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Thursday, November 13, 1997 Published at 08:24 GMT


Nagaland: The world's longest running conflict ends

A fresh ceasefire has just been announced in one of the world's longest running guerrilla conflicts.

Nagaland, a mainly Christian state in north-east India, declared itself independent 50 years ago. The move was never recognised by Delhi and there has been fighting in the region ever since. Hundreds of people have died in the ongoing clashes between miliant groups and the Indian security forces.

Kohima, the capital of Nagaland, was the scene of some of the fiercest fighting of the Second World War, as Allied forces finally halted the Japanese westward advance towards India. the region has been torn by violence ever since.

[ image: The Naga's fight for independence is over 50 years old]
The Naga's fight for independence is over 50 years old
The people of Nagaland have a strong sense of national identity and tradition and harbour many grudges against both the Indian government and the British.

[ image: Guerrilla factions fight the government and each other]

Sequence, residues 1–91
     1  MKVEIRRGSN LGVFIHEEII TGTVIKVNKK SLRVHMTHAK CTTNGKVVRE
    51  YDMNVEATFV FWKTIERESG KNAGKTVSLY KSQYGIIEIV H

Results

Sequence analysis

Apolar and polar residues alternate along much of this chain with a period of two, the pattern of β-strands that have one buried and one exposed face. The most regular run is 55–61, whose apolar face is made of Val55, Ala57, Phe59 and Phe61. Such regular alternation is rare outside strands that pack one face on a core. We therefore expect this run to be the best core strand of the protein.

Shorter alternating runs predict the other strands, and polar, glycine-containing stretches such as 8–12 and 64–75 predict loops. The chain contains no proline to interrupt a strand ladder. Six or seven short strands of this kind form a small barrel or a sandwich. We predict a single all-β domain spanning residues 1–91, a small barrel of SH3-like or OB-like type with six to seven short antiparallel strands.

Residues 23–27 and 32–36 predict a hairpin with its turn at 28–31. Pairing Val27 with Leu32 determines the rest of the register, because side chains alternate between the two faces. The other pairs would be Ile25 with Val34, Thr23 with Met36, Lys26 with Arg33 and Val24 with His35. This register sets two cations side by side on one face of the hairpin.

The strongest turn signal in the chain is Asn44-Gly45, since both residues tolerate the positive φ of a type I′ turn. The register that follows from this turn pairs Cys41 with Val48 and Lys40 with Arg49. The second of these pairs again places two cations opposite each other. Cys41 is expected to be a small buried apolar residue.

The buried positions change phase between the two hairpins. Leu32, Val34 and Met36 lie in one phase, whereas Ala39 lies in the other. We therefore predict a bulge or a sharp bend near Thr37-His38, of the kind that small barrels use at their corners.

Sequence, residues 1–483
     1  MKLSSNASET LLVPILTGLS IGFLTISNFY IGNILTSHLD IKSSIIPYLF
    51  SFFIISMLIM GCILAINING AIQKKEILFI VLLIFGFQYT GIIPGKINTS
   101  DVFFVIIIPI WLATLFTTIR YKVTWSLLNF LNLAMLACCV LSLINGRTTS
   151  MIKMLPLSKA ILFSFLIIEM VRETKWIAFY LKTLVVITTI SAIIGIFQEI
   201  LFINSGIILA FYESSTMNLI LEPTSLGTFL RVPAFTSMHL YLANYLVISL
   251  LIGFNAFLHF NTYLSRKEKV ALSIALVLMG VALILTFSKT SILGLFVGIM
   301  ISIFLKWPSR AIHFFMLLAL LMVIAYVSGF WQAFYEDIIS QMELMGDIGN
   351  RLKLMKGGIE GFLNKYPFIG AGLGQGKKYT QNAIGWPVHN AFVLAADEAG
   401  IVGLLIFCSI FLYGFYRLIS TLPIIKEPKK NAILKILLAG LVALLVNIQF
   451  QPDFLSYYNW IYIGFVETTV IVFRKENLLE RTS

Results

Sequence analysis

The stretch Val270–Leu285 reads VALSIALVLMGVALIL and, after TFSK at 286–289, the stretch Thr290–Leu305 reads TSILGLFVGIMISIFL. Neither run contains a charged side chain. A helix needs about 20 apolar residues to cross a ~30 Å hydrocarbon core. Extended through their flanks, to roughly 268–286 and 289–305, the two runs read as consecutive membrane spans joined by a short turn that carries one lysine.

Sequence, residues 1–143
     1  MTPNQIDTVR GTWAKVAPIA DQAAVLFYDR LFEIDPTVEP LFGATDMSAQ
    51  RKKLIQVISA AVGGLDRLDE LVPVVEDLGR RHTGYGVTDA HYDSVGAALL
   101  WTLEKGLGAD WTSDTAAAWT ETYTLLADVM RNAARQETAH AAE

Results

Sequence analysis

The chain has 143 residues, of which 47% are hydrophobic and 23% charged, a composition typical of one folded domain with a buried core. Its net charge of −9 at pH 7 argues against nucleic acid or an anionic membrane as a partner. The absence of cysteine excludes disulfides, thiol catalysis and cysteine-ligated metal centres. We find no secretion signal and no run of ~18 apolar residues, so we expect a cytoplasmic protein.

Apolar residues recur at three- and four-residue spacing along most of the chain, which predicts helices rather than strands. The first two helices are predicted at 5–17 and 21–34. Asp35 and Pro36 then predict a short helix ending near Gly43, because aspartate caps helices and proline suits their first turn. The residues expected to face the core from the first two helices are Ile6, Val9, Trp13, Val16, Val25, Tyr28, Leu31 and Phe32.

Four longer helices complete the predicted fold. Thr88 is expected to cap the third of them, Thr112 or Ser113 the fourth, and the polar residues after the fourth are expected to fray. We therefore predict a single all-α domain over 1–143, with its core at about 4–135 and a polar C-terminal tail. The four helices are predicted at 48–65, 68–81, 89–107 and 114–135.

Guerrilla factions fight the government and each other
Lhouvitsu Kesiezie, of the Naga National Council, accuses the British of being dishonest during the closing days of the Raj. "When they were about to leave, our forefathers and leaders expressed their whole minds. If the British were to go, Naga should be left as it was before they came."

But instead the British gave the Indian government a toehold in Nagaland and the Indian army is using the new cease fire to step up its campaign to win the hearts and minds of local people by setting up much needed medical centres.

Yet not all the Naga factions involved in the struggle with the Indian government have signed the ceasefire agreement. Zeluolie Angami, of the Natoinal Socialist Council of Nagaland was quite blunt in his assessment of the situation when he said: "There is no meaning in entering into any agreement with the government of India unless the various factions get together. Since the ceasefire started more killings have taken place."

As the warring factions have so far failed to put aside their differences the people of the region have little reason to beleive that the present ceasefire will succeed where those of 1960s and 1970s failed.

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